Darwin’s research into the orchid, which had exploded in popularity in the 1830s and become a metaphor for God’s design, also showed that the flower’s exceptionally complex structures were products of natural selection, perfectly adapted to ensure the plant’s survival. He explained that the “final end of the whole flower … is the production of seed.”

This was heresy, according to the foremost Victorian art critic John Ruskin, who declared that “the flower exists for its own sake … not for the fruit’s sake.”

An element of desperation can be detected in Ruskin’s advice to younger readers of his wonderfully illustrated study of wayside flowers, Proserpina (1868), to avoid such questions as “how far flowers invite or require flies to interfere in their family affairs.” By 1875, Ruskin’s faith too had deserted him.

Martin Johnson Heade, Cattleya Orchid and Three Hummingbirds, 1871, National Gallery of Art, Washington DC

The painting “Cattleya Orchid and Three Hummingbirds” (1871), by Martin Johnson Heade, is a marvelous example of an artist’s attempt to deal with Darwin’s research into these questions.

The last section in the exhibition sets out to present “a radical interpretation” of the impact of Darwin’s theories on the group of Impressionist artists, many of whom were socialists, atheists and sympathetic to Darwinism.

One of Paul Cézanne’s closest friends was Antoine-Fortuné Marion, a painter who later became a paleontologist and one of France’s leading Darwinists. According to curator Jane Munro, Cézanne and Marion “would expound on the fossil finds and on Darwin at the foothills of Mont Sainte-Victoire, the place we all associate with Cézanne, so it seemed to me why not invite a rethinking about that picture in that context?”

Claude Monet, Rouen Cathedral, Symphony in Grey and Rose, 1892-94, National Museums and Galleries of Wales, The Davies Sisters Collection

Similarly, Claude Monet sought to paint “primal” landscapes such as the famous fossil cliffs at Etretat that Lyell had explored, which inspired the artist with “marvellous impressions of the world’s dawn, of time abandoned, the freshness of solitude, the torment of planetary dreams.”

Monet’s series of “Rouen Cathedral” paintings are done in a completely non-religious manner “ordered, and completed in an achieved evolution.”

Edgar Degas, too, took an interest in Darwinian theory and the influence of Darwin’s The Expression of the Emotions in Man and Animals (1872) can be seen in his sketchbooks. His “Little Dancer of 14 Years” is enclosed in a glass case at the Fitzwilliam, as it was at the sixth Impressionist exhibition in 1881, where it was criticized for its “bestial” look and startlingly “real” appearance—a product of “exact science.” Expression of the Emotions, which revealed Darwin’s belief in the kinship of animals and humans, also influenced artists such as Sir Edwin Landseer to produce images of animals as man’s best friend imbued with human qualities and virtues.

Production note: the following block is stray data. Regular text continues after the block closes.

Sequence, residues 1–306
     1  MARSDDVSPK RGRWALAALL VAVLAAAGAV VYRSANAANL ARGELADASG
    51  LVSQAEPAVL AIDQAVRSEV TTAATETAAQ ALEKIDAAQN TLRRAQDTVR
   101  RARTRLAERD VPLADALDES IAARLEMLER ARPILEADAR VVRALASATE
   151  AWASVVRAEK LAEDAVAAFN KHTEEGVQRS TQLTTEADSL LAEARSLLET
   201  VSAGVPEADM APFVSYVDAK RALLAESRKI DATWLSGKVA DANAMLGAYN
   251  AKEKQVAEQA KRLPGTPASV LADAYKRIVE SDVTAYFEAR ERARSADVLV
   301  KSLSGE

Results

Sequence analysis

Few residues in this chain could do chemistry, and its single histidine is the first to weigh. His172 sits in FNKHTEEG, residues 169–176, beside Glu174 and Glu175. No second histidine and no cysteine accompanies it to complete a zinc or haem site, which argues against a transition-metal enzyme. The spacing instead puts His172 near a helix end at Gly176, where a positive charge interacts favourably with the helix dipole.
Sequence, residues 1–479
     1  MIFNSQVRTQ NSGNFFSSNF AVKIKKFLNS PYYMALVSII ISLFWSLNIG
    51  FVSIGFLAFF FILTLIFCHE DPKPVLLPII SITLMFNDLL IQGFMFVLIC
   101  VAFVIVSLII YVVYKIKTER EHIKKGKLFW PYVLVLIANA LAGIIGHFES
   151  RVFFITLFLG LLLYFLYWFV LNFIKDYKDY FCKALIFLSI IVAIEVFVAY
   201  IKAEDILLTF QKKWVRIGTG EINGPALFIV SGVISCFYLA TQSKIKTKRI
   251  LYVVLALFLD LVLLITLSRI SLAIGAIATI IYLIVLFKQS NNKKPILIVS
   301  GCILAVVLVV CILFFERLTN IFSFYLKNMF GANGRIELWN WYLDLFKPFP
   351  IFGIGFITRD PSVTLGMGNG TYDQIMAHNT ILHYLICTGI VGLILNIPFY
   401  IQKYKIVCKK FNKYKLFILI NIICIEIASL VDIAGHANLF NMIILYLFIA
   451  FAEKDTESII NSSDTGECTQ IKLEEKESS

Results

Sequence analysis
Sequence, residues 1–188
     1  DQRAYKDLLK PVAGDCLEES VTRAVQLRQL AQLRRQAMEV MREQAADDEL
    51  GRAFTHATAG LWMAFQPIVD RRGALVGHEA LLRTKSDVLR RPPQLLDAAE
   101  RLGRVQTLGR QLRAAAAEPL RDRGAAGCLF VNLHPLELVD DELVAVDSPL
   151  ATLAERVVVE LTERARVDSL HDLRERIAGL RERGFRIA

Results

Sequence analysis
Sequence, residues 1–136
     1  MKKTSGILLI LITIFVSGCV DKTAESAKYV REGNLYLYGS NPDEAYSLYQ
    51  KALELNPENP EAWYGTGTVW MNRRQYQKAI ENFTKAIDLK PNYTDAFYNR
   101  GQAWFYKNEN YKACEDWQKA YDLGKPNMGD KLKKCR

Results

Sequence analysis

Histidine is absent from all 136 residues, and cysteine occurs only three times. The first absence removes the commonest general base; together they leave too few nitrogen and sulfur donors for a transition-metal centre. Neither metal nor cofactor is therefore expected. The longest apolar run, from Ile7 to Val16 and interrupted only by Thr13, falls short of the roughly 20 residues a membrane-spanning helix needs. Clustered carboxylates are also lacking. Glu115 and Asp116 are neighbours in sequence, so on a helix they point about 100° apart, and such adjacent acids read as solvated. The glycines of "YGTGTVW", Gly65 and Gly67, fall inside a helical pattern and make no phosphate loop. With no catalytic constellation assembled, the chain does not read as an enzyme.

Endless Forms should not be missed. Its only fault is a tendency to find too much of a direct link between Darwin’s ideas and their influence on art—such as the claims that they inspired the fleshy eroticism of pre-Raphaelite artist Dante Gabriel Rossetti or the pornographic images of Félicien Rops.

Darwin and classical music: here.

One of the architects behind the unscientific intelligent design movement is finding success in referencing its greatest enemy: Charles Darwin: here.

Survival of the fittest theory: Darwinism’s limits: here.

Haeckel and art: here. More Haeckel here.

Protestant fundamentalists still reject evolution: here.

Darwinism and Marxism: here.

Charles Darwin’s notes online


This video is called (1/5) Origin of Species by Charles Darwin.

Here is part 2.

And here are parts 3, 4 and 5.

From daily The Morning Star in Britain:

Darwin‘s margin notes published online

Thursday 23 June 2011

Notes scribbled by Charles Darwin on the pages and in the margins of his own personal library were made available online for the first time yesterday.

The 1,480 books, half of which contain a wealth of scrawled notes, provide an insight into his thoughts and struggles as he wrote On The Origin Of Species.

Most of the collection is held in Cambridge University library and has now been digitised in an effort involving Cambridge, the Darwin Manuscripts Project at the American Museum of Natural History, the Natural History Museum and the Biodiversity Heritage Library.

The first phase of the project has just been completed, with 330 of the most heavily annotated books launched online at the Biodiversity Heritage Library at www.biodiversitylibrary.org/collection/darwinlibrary

Charles Darwin and Ascension island


This video is called A Green Turtle making its slow way back to sea on Ascension Island.

From the BBC:

1 September 2010 Last updated at 10:39 GMT

Charles Darwin‘s ecological experiment on Ascension isle

By Howard Falcon-Lang Science reporter, BBC News